Toyota Motor Corp. raised its fiscal year profit forecast Wednesday as surging overseas sales of SUVs and the carmaker’s production base in Japan make it one of the biggest beneficiaries of a weaker yen.
Net income for the 12 months ending in March may climb to a record ¥2.13 trillion, the company said. Its previous forecast was for a record profit of ¥2 trillion.
President Akio Toyoda is extending his company’s leadership in profitability among automakers even as Volkswagen AG closes in on the global vehicle sales crown.
A weak yen is raising the value of Toyota’s record sport utility vehicle deliveries in the U.S. and giving the company a windfall for building and shipping more autos from Japan than the next three biggest auto exporters combined.
“The yen’s so much weaker than two years ago, they are having the time of their life,” Masakazu Takeda, a Tokyo-based portfolio manager for SPARX Asset Management Co., said before Toyota released its results. “They benefit tremendously.”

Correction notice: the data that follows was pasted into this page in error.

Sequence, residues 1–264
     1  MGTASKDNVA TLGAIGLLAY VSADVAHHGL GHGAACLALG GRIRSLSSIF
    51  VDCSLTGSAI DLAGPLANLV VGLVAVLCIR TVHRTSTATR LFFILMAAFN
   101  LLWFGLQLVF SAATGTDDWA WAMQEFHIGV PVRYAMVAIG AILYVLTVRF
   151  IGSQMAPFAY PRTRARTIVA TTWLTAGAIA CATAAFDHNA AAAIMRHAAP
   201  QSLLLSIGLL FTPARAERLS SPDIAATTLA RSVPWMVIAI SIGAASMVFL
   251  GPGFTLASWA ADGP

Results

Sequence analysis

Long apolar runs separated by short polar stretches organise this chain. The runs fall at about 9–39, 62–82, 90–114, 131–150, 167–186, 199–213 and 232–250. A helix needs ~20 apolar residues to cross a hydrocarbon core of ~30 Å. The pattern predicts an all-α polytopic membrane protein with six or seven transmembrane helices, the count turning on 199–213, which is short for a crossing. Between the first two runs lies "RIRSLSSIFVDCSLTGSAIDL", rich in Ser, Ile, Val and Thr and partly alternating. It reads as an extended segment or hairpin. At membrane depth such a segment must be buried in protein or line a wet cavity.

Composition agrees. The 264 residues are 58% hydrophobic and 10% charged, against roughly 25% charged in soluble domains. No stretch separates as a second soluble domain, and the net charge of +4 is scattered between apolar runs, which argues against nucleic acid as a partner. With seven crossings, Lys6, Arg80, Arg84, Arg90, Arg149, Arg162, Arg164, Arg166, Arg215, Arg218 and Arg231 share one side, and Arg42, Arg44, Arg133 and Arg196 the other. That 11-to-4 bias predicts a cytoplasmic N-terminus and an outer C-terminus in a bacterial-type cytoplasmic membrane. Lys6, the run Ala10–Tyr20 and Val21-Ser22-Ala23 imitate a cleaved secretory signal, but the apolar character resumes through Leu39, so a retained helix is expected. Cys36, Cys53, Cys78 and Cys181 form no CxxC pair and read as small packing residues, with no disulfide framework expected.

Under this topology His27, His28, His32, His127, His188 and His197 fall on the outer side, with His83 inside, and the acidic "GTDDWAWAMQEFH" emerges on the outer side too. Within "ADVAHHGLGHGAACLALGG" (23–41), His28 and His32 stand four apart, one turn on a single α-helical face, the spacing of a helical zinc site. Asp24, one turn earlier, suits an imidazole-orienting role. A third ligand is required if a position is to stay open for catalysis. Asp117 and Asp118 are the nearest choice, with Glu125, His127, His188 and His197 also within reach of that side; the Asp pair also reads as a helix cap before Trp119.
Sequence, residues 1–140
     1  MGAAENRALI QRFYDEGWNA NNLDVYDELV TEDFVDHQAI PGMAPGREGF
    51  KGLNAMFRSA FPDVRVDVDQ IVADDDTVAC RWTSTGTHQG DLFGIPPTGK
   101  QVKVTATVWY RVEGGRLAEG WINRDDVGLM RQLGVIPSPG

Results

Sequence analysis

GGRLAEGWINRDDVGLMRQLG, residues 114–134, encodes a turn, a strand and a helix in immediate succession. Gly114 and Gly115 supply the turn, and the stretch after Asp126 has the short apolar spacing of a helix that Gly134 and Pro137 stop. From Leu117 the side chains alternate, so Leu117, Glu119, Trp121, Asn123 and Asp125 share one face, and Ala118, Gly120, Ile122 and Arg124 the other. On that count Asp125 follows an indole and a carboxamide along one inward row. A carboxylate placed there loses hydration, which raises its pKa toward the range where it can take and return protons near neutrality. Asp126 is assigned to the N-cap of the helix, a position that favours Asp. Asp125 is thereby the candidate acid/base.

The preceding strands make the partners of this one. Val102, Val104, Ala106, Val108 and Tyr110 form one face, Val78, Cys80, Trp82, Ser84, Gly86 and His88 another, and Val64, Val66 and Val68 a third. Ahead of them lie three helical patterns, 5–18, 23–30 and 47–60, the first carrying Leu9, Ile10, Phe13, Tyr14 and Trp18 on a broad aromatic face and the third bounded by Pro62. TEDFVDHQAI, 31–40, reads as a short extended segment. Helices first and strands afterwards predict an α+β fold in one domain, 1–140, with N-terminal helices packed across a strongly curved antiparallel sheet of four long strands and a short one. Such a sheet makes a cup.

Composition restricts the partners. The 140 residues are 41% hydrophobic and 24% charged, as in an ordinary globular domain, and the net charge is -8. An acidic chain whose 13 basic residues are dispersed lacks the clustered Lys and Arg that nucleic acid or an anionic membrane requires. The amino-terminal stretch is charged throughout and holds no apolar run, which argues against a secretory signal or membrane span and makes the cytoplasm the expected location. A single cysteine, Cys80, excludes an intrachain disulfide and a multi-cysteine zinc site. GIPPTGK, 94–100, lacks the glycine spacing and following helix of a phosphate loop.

Net income rose to ¥600 billion for the quarter ended December, Toyota said in a statement. Profit exceeded the ¥549.2 billion average of 12 analysts’ estimates compiled by Bloomberg.
Toyoda, 58, has abstained from building car factories until at least next year, opting to instead push for productivity gains and expansion of existing operations. The company last opened a new plant in 2012.
While the strategy has made Toyota more efficient, it also helped let Volkswagen pull within about 90,000 vehicles of the Japanese carmaker’s total sales last year.
Toyota has managed to earn more than Volkswagen and other automakers thanks in part to a two-year campaign by Prime Minister Shinzo Abe to invigorate the economy by introducing stimulus measures.
Rounds of monetary easing in April 2013 and last October by Abe’s hand-picked Bank of Japan governor, Haruhiko Kuroda, contributed to the yen weakening about 22 percent against the dollar during the past two years, buoying export earnings.
Last year, Toyota shipped 1.89 million passenger cars, trucks and buses from Japan, according to a statement on its website. While down 5.8 percent from a year earlier, the total was more than Mazda Motor Corp., Fuji Heavy Industries Ltd. and Nissan Motor Co. combined.